- Cofield, Calla (12 November 2015). "New Dwarf Planet In Our Solar System May Be The Farthest One Yet". Space.com. Retrieved 13 November 2015.
- Sokol, Joshua (10 November 2015). "Most distant solar system object yet could hint at hidden planet". New Scientist.
- "Absolute Magnitude (H)". NASA/JPL.
- Temperton, James (11 November 2015). "Solar System's most distant object hints at hidden planet". Wired.
- Hand, Eric (10 November 2015). "Astronomers spot most distant object in the solar system, could point to other rogue planets". Science. Retrieved 11 November 2015.
- "Newly discovered dwarf planet is solar system's most distant object". Astronomy Now. 12 November 2015.
- Amos, Jonathan (11 November 2015). "'Most distant' Solar System object spied". BBC News.
- "JPL Small-Body Database Browser: (2015 SO20)" (last observation: 18 October 2015 ; arc: 28 days). Jet Propulsion Laboratory. Archived from the original on 16 November 2015. Retrieved 13 November 2015.
- "JPL Small-Body Database Search Engine: q > 50 (AU)". JPL Solar System Dynamics. Archived from the original on 13 November 2015. Retrieved 12 November 2015.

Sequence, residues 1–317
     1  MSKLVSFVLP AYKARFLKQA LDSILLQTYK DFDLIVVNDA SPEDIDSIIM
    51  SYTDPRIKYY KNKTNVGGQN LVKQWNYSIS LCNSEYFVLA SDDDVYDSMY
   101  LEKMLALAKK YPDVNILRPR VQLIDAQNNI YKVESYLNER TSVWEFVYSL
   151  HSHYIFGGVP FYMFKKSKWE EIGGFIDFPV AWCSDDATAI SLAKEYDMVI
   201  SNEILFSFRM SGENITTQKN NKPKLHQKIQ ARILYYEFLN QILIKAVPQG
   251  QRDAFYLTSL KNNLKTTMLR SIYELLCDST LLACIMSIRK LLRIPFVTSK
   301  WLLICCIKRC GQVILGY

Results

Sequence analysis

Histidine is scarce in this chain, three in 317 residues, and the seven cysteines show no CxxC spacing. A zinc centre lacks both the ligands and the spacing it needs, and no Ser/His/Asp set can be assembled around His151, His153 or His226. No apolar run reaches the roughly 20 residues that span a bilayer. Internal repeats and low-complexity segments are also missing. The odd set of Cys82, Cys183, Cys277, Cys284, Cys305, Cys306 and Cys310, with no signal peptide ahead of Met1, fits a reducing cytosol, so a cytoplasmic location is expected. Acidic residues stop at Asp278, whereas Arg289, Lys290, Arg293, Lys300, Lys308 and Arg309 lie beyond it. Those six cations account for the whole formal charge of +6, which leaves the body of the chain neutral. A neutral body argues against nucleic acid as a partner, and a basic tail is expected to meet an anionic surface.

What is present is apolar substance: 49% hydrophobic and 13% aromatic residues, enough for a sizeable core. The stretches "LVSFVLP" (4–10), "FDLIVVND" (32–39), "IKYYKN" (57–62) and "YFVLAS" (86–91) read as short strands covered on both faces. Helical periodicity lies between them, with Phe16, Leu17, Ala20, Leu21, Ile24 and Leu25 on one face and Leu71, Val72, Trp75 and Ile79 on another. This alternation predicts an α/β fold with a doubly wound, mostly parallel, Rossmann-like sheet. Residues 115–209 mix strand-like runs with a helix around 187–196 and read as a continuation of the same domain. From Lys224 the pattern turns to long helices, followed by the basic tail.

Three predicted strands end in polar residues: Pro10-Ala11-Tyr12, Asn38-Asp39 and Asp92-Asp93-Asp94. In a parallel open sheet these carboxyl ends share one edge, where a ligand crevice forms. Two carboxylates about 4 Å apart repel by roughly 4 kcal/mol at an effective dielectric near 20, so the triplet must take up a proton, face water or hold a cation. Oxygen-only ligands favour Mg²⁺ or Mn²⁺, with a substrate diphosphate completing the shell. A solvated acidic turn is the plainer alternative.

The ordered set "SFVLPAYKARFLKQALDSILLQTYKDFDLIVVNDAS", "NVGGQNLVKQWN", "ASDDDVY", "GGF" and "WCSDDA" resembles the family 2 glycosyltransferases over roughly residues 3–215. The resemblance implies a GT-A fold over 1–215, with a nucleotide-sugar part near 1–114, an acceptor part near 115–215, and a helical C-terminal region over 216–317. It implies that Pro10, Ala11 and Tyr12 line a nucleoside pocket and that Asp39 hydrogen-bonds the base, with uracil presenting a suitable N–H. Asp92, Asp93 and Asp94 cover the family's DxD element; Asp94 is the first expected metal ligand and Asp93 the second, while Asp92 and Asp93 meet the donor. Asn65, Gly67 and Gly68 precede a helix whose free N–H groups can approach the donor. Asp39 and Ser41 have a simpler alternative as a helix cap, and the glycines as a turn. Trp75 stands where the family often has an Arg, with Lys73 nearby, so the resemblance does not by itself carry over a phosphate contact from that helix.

- "Minor Planet Center: q > 50 (AU)". Minor Planet Center. Retrieved 12 November 2015.
- Sheppard, Scott S.; Trujillo, Chadwick; Tholen, David J. (July 2016). "Beyond the Kuiper Belt Edge: New High Perihelion Trans-Neptunian Objects with Moderate Semimajor Axes and Eccentricities". The Astrophysical Journal Letters. 825 (1). L13. arXiv:1606.02294. Bibcode:2016ApJ...825L..13S. doi:10.3847/2041-8205/825/1/L13.
- Minor Planet Center (2017). "MPC Database Search for 2014 FC72". Retrieved 23 October 2017.
- Schwamb, Megan E. (18 September 2007). Searching for Sedna's Sisters: Exploring the inner Oort cloud (PDF) (Report). Caltech. Archived from the original (PDF) on 12 May 2013.
- "AstDyS-2, Asteroids - Dynamic Site". Retrieved 2018-04-03.
Objects with distance from Sun over 59 AU
- "JPL Small-Body Database Search Engine: Q > 103 (AU)". JPL Solar System Dynamics. Retrieved 12 March 2018.
- Alcock, C.; et al. The Whipple Mission: Exploring the Oort Cloud and the Kuiper Belt (PDF). American Geophysical Union, Fall Meeting 2014. 11-19 December 2014. San Francisco, California. Bibcode:2014AGUFM.P51D3977A. Archived from the original (PDF) on 17 November 2015.